New Definiton REQUIRED

From: HOTZE <>
Date: Mon Nov 17 01:13:55 1997

Well, I started it.... I'm going to have to take all the blame....

William Donzelli wrote:

> OK, I am probably going to get yelled at...
> > Okay.... recently, there's been lots of "off-topic" stuff going on here
> > about computers... but I think that it's not "off-topic."
> In my opinion it is. There are lots of good, smart people on this list
> that can help everyone with modern(ish) equipment, but there are also lots
> of them on other lists and USENET.
> > if you remember, in the "welcome" message, it
> > said that it was hard to state the definiton of a classic... but 10
> > years or older would do.
> >The definition is no doubt flawed, but trying to fix it may prove to be
> >impossible. It is the classic cats vs. dogs argument - no one will win, or
> >have any real valid points to argue with. When does a machine become a
> >classic? Probably when a bunch of us computer geeks get together and ask
> >"Remember the Unitari PDQ-8/w? Now that was a good machine! They don't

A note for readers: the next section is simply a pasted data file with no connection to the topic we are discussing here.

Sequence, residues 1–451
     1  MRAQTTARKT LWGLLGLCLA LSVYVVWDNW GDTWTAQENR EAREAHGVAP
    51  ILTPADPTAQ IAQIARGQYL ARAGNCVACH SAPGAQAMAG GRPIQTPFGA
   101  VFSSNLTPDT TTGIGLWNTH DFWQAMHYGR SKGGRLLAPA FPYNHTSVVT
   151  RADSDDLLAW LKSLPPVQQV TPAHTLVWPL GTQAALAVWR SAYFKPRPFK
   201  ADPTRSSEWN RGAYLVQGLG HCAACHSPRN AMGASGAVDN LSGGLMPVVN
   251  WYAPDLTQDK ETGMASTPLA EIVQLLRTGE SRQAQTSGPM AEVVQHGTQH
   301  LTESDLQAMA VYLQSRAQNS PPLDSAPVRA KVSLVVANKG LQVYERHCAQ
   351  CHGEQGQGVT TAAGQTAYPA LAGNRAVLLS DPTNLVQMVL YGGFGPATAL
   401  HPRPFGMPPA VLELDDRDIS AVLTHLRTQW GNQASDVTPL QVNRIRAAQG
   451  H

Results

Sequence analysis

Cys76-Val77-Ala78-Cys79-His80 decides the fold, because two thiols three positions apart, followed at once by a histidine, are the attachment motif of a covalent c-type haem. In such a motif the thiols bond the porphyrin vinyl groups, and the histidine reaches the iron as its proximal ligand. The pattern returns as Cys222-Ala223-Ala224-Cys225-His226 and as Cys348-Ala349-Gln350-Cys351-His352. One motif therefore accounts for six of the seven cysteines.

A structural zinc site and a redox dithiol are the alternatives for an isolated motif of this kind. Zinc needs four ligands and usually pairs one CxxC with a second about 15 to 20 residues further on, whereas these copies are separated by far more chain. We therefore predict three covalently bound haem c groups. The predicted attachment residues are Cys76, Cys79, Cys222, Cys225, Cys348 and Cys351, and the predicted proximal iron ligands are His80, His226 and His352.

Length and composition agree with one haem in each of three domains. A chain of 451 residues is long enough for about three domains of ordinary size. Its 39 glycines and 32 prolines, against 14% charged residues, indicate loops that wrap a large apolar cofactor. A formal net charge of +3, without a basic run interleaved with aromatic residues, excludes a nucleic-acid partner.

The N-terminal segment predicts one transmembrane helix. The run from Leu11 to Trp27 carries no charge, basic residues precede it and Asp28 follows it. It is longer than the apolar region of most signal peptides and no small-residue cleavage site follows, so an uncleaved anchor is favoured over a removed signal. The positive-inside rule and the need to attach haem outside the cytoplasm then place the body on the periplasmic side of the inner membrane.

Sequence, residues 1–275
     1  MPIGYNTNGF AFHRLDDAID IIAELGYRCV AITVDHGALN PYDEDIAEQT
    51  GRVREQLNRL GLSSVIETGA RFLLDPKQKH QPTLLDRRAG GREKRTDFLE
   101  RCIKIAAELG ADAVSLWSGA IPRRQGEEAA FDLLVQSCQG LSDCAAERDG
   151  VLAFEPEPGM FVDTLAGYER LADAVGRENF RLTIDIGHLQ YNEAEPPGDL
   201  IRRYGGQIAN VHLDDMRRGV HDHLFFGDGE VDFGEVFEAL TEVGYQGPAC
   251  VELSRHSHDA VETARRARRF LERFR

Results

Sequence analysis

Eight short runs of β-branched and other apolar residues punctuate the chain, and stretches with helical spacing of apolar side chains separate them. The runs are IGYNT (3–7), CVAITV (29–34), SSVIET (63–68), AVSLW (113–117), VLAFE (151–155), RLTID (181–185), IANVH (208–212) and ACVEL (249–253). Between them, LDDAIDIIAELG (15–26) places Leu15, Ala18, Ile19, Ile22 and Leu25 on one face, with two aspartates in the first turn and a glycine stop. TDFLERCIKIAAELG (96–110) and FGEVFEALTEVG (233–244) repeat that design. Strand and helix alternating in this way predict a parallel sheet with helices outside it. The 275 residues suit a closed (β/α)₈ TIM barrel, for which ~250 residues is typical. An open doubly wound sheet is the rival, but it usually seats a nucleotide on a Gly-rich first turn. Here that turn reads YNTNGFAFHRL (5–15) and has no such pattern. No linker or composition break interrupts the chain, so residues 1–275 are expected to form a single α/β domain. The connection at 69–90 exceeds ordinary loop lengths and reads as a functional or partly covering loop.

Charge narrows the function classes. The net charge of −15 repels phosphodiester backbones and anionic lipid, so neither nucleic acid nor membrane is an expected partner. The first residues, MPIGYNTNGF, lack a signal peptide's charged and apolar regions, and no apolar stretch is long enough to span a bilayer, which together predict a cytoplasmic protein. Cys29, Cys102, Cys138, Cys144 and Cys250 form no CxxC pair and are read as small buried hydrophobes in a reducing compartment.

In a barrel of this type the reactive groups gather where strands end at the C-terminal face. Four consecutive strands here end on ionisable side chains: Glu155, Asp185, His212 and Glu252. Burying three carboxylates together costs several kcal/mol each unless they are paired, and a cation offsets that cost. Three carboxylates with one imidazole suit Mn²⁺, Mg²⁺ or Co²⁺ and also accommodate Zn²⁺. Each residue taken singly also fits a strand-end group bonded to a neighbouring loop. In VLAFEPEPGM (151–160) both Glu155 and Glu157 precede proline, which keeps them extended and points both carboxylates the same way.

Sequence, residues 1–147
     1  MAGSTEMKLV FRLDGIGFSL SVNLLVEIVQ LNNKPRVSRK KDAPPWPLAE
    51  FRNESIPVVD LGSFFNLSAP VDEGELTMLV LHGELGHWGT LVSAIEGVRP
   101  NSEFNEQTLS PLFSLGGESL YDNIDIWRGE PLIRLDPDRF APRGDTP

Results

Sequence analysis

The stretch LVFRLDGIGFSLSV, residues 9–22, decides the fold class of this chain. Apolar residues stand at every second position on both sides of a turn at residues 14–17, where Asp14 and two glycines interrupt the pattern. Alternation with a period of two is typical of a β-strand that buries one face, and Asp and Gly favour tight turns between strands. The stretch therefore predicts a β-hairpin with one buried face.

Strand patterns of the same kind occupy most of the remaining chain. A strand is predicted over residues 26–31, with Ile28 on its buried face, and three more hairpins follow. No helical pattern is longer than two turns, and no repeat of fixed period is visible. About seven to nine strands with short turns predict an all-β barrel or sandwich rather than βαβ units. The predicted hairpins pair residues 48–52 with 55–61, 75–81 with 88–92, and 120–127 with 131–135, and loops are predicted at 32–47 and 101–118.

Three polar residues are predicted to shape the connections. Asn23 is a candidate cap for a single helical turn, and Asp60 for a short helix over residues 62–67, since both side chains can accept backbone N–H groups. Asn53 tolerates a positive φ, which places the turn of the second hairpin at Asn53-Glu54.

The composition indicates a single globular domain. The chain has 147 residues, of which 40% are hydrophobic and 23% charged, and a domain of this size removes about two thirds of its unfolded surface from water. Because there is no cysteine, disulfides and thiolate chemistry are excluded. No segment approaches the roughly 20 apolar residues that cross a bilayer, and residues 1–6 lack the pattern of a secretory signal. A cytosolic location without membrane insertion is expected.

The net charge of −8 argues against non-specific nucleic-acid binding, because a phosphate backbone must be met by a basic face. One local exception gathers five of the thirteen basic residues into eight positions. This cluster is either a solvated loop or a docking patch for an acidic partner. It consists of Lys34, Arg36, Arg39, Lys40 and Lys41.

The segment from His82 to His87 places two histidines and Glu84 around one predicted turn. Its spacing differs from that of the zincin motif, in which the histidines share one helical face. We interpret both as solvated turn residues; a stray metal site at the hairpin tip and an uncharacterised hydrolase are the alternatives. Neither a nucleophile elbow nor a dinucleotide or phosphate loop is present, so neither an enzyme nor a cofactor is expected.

> >make machines like that anymore!".
> Okay, that's actually a real good thing to say... WE decide what's a classic
> as we discover "new" (To our eyes) models, and discard others (IE possibly
> the PIIs well never become classics,)
> >It is probably best to stay with what we have - it can be bent as needed.
> But we can try.....
> >>Possibly (out for MUCH revision...) is the definition "Any computer
> >>which has aged sufficently to be considered "outdated" by the computer
> >> market and has historic signifiance, OR is 10 years old or older."
> >The problem is that that means just about any machine over 3 months old.
> Historical signifance?
> >> The
> >> one evedeint place that requires revsion is the "historical signifiacne"
> >> but I'm not sure how to include that while still aknowladgeing the
> >> presence of many of the best machines and componets that did indeed fail
> >Many machines that did fail were historically significant - Xerox springs
> >to mind.
> Exactly... the "historically significant part was also my "safeguard" .
> >Also, sometimes a whole class of machines is significant, and sometimes
> >just a few instances (Smalltalk influence leaking out now!) are. The IBM
> >RT was a bomb, but a hundred or so of them did a great deal to society.
> >Another example would be the 68000 developement systems that Apple used to
> >make the Lisa (and Macintosh) - again, the class of hardware may only be a
> >footnote, but the few actual machines shaped the industry forever.
> See what I mean about the "historical signifiance"?
> Tim D. Hotze
Received on Mon Nov 17 1997 - 01:13:55 GMT

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